A popular convenience product, hot cocoa consists of a muddy brown powder that magically transforms into a sweet and somewhat chocolate-y beverage in your mug when you add water. The real thing is rather different. It's made from scratch with plain cocoa powder, and when well prepared it's a velvety treat with an intense chocolate flavor. Making your own is uncomplicated, and every chocolate lover should know how.
A Single Mug
When all you want is a treat for one, you can make a single cup of cocoa right in the mug. You'll need 1 tablespoon of cocoa -- 2, if you like your cocoa really intense -- for every 6 to 8 ounces of milk. One tablespoon of sugar is about right for sweetening, but you can use more or less until you find the quantity that suits your taste.
Stir the cocoa and sugar together in your mug.
Add 2 tablespoons of the milk, and stir it together to make a paste.
Gradually stir in the remaining milk, whisking until any visible lumps have disappeared.
Microwave the mixture on High for 1 1/2 to 2 minutes, until the milk is quite warm. At this stage the hot cocoa will still look a bit grainy and uneven. Whisk it again, until its appearance smooths out and it looks the way hot cocoa should.
Return it to the microwave for another 30 seconds, or until it's as hot as you like.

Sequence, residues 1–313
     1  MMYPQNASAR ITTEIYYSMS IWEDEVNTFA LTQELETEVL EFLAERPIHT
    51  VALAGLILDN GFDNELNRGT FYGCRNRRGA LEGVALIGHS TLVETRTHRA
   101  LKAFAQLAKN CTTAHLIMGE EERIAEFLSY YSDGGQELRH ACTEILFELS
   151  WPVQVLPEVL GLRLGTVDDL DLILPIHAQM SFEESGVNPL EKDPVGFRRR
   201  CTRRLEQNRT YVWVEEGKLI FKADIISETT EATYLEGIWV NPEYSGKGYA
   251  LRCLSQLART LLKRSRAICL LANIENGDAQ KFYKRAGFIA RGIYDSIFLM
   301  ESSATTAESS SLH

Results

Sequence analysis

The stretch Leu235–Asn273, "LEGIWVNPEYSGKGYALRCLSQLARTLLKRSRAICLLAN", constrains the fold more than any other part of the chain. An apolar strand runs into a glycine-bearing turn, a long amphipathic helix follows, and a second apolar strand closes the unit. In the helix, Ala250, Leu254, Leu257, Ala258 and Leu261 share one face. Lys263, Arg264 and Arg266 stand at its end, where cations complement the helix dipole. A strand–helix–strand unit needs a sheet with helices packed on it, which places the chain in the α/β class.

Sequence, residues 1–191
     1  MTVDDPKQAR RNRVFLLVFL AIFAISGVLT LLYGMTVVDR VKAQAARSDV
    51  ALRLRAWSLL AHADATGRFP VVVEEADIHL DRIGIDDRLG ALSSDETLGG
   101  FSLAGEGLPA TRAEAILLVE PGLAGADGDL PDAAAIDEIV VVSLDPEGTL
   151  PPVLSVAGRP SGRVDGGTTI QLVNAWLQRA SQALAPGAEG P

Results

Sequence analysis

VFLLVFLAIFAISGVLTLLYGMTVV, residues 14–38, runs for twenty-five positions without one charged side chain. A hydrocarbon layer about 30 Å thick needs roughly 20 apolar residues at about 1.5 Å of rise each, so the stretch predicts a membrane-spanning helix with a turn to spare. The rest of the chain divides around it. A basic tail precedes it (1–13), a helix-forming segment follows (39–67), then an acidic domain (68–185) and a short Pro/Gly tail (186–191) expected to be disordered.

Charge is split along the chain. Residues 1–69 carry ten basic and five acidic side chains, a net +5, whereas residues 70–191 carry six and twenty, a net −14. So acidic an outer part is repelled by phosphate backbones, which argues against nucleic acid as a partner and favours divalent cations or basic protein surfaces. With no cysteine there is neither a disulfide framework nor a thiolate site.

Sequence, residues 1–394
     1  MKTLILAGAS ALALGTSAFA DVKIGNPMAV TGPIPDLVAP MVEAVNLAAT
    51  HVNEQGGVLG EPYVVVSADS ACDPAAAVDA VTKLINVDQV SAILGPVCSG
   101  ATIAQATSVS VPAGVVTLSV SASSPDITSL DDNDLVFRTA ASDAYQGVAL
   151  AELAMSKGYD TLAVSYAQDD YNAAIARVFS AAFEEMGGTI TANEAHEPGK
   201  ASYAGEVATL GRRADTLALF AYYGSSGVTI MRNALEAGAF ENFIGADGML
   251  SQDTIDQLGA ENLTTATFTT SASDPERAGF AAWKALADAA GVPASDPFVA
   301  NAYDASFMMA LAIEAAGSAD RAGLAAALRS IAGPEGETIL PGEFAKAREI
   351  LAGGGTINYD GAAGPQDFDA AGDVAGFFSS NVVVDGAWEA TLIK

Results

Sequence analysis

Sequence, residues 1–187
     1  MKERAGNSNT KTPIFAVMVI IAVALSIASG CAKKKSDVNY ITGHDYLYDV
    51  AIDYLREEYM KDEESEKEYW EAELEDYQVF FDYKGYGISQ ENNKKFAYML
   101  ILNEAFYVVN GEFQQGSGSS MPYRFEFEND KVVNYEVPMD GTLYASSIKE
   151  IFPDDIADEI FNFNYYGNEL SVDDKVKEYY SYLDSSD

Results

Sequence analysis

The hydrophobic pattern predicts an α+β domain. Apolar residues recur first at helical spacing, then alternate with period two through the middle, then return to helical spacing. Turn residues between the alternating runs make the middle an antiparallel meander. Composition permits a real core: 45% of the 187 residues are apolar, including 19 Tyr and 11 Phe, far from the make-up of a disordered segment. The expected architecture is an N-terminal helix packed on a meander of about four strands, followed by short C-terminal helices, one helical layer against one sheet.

Alternatively, you could heat the milk separately in a saucepan. Whisk the hot milk into the dry cocoa and sugar to make a paste, then stir the paste back into your saucepan and whisk until it's thoroughly incorporated.
Cocoa for Company
The microwave method is fast and simple when you want a single cup of cocoa, but the saucepan technique is more practical when you're making cocoa for several people. Use the same ratio of ingredients and the same technique, first making a paste with some of the hot milk and then stirring the paste into the remainder of the hot milk. The cocoa is ready to serve once it's mixed and looks smooth, but it will improve greatly if you leave it on the heat for at least another 20 minutes. The granules of cocoa powder absorb more liquid as they continue to cook, thickening the drink as they soften and gain a silkier texture.
If you browse the Internet for recipes, you'll see that some call for natural cocoa while others call for alkalized or "Dutch-process" cocoa powder. Both make very good hot cocoa, but they're different. Natural cocoa has a more intense flavor, but it's sharper and slightly astringent. Dutch-process cocoa gives a smoother, more comforting end result. In either case, don't call it "hot chocolate." That's a rather different beverage, made with -- what else? -- chocolate.
You can up the intensity of your cocoa by replacing some of the milk with water, which cuts its richness slightly and brings the chocolate flavor into sharper focus. If you wish, you can also enhance its flavor with vanilla, cinnamon, a favorite liqueur or even a pinch of cayenne.